Although the OIG has not released the implementation timeline and core element details yet, providers should begin (if they have not already done to) to establish and implement compliance programs. The initial cost of such an endeavor should not be significant (based on the size of the provider practice and other factors); however, the benefits of implementing an effective program will outweigh those costs when balanced against the risks of federal program exclusion and civil/criminal liability for committing fraud and abuse. Furthermore, the creation of a viable compliance culture within a provider practice—for instance, initiating and maintaining billing and coding practices that meet federal program requirements that are readily transferable to commercial/private insurance claims billing, reducing payment delays and claims denials—will result in the practice becoming more profitable.

In summary, the ACA’s compliance program mandate should be viewed as more than just another administrative task imposed by the government on providers. Providers should seize the opportunity presented by compliance program requirement to focus their business strategy on increasing profitability through better practices, especially in a time of decreasing reimbursement. The question every provider should ask is not, “How can I/we afford to develop and implement an effective compliance program?” Rather, providers should ask, “How can I/we afford not to develop and implement an effective compliance program?’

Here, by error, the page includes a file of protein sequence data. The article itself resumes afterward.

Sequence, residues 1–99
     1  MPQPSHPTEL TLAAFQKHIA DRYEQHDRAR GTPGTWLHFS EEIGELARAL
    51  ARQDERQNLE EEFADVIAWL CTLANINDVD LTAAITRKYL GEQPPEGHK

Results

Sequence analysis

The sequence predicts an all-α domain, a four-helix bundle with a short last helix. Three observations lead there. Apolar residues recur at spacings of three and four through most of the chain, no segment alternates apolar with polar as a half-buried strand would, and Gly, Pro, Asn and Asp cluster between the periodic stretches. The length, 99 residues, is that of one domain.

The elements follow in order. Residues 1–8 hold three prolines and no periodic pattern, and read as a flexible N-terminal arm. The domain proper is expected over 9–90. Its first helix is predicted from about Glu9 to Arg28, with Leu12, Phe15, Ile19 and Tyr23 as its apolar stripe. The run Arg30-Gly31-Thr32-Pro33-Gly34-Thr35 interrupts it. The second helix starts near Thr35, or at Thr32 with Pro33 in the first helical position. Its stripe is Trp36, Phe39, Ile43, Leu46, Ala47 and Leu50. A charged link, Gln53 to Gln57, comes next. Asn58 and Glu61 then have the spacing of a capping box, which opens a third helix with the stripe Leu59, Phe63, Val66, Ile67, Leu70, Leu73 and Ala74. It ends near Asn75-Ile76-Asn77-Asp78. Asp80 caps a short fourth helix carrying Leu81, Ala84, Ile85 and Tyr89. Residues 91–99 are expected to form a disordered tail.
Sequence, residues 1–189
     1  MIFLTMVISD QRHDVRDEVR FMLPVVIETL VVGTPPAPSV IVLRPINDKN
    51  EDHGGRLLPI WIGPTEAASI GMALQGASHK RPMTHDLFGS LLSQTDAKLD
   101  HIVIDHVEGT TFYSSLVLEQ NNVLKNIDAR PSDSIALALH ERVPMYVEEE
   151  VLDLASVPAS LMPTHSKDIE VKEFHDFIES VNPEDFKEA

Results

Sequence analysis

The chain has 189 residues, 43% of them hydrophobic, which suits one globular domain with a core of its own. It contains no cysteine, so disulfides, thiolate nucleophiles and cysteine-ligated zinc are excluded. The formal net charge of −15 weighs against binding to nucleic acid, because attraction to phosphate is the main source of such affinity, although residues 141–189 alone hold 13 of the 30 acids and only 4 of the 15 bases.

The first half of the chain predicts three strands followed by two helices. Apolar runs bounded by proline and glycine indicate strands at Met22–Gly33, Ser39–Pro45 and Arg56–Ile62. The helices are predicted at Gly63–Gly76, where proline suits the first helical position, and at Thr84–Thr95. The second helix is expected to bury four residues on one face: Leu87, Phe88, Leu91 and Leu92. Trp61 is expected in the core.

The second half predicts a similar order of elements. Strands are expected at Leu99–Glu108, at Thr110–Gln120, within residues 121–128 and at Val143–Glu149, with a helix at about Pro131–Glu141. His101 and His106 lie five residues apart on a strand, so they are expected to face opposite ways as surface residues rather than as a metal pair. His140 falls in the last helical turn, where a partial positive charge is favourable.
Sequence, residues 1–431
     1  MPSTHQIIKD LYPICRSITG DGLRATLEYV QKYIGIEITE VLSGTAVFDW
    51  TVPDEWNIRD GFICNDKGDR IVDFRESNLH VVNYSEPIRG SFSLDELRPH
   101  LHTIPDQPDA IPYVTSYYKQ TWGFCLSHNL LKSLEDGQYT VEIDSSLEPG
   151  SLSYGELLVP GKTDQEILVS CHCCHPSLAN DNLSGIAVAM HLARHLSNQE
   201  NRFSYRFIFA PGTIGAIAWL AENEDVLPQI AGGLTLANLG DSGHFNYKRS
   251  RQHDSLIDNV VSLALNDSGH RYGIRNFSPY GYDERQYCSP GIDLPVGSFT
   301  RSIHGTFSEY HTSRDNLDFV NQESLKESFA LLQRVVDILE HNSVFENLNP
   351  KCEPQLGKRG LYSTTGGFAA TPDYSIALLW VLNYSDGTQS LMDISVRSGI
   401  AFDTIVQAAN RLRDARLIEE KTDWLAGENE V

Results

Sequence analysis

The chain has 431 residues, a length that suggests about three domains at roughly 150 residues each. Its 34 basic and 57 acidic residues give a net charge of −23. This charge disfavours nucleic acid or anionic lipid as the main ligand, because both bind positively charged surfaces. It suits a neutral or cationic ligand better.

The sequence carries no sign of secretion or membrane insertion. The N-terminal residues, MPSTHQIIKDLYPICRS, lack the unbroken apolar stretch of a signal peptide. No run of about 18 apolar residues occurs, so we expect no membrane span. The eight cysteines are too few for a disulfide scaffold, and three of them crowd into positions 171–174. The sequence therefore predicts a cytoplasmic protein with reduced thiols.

Thomas Vallas

Hoy Chrissinger Kimmel, PC

Mr. Vallas is an experienced attorney practicing health care law and business law (corporate, governance, transactional/contracts, employment, and related areas). See Mr. Vallas' LinkedIn profile at http://www.linkedin.com/pub/tom-vallas/70/b10/967.